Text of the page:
by Dr Sebastian Hölker, Head of Global Innovative Trade Products, UniCredit
Recently, a German newspaper published an article about innovations in payments. It started with the provocative assertion that whilst we are quite advanced when it comes to the management of transportation, warehousing and the like (RFID chips, GPS trackers, real time access on all relevant data), it seems that nothing really significant has happened in the last 30 years regarding payments. The parties are still left more or less in the dark about a payment’s status while it is being processed and have little or no influence on the exact speed and detail of execution.
One may doubt whether the world truly is so clearly divided into black and white, but it is obvious that this is only one of many recent examples that all point in the same direction if put into the wider context of international trade: The physical supply chain and its management have currently outrun the financial supply chain and the services provided therein. Outrun in this context can by all means be read in the literal sense of the word as very often, the delivery of services and goods has already taken place whilst the corresponding financial transaction is far from being completed.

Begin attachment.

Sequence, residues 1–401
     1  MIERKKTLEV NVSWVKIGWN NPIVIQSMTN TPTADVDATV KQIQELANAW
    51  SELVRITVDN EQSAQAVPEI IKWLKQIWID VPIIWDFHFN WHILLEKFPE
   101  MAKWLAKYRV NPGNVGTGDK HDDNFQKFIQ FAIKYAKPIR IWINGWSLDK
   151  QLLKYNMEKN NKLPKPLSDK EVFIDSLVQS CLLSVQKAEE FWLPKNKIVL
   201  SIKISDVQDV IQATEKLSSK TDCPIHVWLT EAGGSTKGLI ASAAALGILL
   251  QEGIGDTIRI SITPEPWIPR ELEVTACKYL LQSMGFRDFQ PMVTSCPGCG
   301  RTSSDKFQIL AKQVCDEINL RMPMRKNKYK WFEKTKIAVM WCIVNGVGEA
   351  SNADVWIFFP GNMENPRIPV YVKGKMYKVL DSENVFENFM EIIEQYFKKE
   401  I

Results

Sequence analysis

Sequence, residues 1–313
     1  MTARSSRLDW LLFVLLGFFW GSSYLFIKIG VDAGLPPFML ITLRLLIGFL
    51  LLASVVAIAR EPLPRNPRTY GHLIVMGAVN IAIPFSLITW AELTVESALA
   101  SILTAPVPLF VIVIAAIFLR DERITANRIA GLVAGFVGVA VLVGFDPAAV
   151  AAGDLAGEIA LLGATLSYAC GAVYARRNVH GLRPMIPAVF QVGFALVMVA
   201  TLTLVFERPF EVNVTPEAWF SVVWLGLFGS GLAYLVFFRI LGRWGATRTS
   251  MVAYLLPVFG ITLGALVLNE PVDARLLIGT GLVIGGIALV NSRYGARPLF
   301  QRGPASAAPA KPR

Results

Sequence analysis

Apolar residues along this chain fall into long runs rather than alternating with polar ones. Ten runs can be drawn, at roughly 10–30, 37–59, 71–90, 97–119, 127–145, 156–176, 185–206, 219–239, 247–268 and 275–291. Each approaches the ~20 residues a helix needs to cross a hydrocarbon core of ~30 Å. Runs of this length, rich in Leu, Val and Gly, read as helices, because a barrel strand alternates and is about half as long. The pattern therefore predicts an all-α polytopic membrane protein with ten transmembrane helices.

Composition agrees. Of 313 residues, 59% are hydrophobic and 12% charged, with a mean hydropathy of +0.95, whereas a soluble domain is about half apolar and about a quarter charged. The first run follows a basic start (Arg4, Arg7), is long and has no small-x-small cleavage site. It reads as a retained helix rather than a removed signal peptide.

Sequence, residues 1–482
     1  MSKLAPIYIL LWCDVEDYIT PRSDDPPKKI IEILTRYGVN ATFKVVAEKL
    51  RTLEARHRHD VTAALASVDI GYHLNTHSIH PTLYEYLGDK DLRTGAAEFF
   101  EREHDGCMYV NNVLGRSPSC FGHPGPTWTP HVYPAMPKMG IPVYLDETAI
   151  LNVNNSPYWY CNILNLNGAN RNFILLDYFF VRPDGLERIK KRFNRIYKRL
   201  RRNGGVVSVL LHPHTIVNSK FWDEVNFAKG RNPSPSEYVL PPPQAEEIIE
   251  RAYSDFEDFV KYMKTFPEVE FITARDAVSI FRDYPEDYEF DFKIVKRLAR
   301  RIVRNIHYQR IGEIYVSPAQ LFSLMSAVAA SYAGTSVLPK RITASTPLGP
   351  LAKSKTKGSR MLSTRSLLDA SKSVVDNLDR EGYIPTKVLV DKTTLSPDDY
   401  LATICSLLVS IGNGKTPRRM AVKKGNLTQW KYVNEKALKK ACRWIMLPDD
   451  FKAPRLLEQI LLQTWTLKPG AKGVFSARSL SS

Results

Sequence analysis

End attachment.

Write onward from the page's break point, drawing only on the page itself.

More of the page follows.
But do such observations reflect the true status quo of the interaction between the physical and financial supply chain?
In the last couple of years, technology and standards have made enormous progress. Reasonably up-to-date supply chain management applications (both for the physical and the financial supply chain) as well as ERP systems have no problems understanding and processing different file formats and data structures – with the added ability to convert formats and structures and keeping data losses and truncations to a minimum. Communication standards have overcome the barriers between different industries – in particular, the SWIFT MT 789 has facilitated the corporate-to-bank and the bank-to-corporate communication quite significantly. Thanks to this recent progress both in technology and standard setting, the stage is set for the financial supply chain to catch up and match speed with the physical supply chain.